Although we always enjoy ourselves and admire the creativity, last night we were wildly impressed by the superlative performances of every performer and the innovative direction of Mr. Remmers who truly knows how to tell a story and to tell it well. We were engrossed and enchanted.

Although there is no scenery and barely any props, the story is told and told well. Costumes are of the "let's put on a show" variety. We imagine cast members rummaging through closets and coming up with something to express the characters they are portraying.  Most original of all was the black tie,  top hat , white silk scarf, and cigarette holder of The Fairy Godmother. The description sounds odd but, trust us, it worked incredibly well. Her fairy spirits dressed completely in white.

Lucette appears first in dowdy clothes of nondescript color and later in a shimmery garment with sparkly shoes. The henpecked Pandolfe wears a velvet jacket. Member of Lucette's step-family wear lavish ball gowns.

We first saw Cendrillon at the Santa Fe Opera ten years ago in a beautiful Laurent Pelly production with Joyce Di Donato in the title role-- and again two year ago at Juilliard with Julia Bullock. We were delighted both times but there was something about the intimacy of the Utopia Opera production that will stay in our mind.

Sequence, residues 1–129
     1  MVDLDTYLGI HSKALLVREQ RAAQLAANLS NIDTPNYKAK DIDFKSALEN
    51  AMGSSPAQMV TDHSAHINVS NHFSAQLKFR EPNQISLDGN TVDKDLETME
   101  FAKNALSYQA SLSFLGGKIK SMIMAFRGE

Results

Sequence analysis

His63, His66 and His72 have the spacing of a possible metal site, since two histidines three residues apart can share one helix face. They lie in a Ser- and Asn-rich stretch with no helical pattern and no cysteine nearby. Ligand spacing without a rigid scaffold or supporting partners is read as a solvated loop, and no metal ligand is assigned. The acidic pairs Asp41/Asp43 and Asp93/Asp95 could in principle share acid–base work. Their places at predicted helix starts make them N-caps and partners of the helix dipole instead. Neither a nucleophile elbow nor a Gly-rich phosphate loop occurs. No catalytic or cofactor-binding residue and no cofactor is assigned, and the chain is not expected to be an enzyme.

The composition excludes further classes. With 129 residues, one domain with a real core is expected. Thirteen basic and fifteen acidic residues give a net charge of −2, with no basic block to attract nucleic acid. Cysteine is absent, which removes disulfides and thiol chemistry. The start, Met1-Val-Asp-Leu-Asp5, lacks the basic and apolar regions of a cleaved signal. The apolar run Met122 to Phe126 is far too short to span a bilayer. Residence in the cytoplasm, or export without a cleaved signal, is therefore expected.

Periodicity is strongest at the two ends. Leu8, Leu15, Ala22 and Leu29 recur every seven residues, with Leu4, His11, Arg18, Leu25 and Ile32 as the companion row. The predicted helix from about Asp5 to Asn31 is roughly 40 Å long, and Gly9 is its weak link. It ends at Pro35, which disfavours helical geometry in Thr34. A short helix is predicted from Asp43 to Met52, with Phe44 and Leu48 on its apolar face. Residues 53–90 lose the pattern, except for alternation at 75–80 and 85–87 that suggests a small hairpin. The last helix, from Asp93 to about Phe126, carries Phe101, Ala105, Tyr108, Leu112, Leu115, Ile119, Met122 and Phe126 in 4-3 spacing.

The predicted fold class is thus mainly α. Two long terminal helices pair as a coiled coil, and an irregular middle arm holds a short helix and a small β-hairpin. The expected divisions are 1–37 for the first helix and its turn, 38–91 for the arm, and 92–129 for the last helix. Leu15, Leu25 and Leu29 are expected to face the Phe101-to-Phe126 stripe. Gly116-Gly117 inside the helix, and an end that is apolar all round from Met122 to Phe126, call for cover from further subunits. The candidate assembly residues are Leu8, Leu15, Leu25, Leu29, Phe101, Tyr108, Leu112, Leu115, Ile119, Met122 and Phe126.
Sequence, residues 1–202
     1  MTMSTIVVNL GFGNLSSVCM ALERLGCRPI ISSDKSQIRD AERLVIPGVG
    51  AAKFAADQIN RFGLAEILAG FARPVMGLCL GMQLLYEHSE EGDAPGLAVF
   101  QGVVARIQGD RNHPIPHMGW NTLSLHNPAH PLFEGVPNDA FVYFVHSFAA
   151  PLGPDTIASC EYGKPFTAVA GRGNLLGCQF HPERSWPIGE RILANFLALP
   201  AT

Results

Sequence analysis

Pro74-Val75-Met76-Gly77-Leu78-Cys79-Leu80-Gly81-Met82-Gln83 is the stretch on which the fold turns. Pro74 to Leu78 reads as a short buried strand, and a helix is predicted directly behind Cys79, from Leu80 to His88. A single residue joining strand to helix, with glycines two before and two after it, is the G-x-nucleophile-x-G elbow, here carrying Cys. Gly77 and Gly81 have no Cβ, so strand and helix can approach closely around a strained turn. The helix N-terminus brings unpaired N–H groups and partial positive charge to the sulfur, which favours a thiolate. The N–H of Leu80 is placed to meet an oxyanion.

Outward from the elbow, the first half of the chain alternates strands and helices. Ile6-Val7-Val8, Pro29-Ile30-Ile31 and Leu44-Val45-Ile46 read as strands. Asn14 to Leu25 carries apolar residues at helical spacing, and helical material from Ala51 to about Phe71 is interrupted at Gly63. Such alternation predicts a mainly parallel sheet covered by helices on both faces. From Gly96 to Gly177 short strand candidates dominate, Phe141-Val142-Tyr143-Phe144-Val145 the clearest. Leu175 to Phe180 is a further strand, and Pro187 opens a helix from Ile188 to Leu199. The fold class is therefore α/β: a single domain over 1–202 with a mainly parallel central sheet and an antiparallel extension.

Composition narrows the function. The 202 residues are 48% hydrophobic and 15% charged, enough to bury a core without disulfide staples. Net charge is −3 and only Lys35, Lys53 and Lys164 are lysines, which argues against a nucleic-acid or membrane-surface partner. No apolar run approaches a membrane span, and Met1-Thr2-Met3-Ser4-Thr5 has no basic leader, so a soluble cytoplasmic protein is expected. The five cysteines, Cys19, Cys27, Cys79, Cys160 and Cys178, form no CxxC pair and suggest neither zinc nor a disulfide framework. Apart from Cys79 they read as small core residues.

There are a number of unforgettable scenes that one is not likely to forget!  You must see for yourself.

Massenet's music is deliciously romantic; Remmers' 19-member orchestra did the score justice once Mr. Remmers' baton brought them all together and achieved balance between the strings and the winds. We were particularly taken by the English horn solos of Zachary Rosalinsky which accompanied the love duets. The love duet between Pandolfe and Lucette was just as fine as that between her and Prince Charming.

Ms. Cheeseman made a winsome Lucette, one we could care about. We could feel compassion for Mr. Goble's Pandolfe who just made a bad marital decision. We could laugh at the domineering step-mother and the ridiculously entitled and sulky step-sisters. But we were most enthralled by the otherwordly magic of Angela Dinkelman's Fairy Godmother whose costume played so strongly against our expectations. Massenet gave her the best music and she didn't let him down!

Even the chorus was well-rehearsed. The fine direction led to camera-perfect stage pictures such that we have spent hours editing down the multiplicity of shots. And we must mention the fine French diction that was totally understandable.  Our companion told us that the titles were down for a period and we never noticed!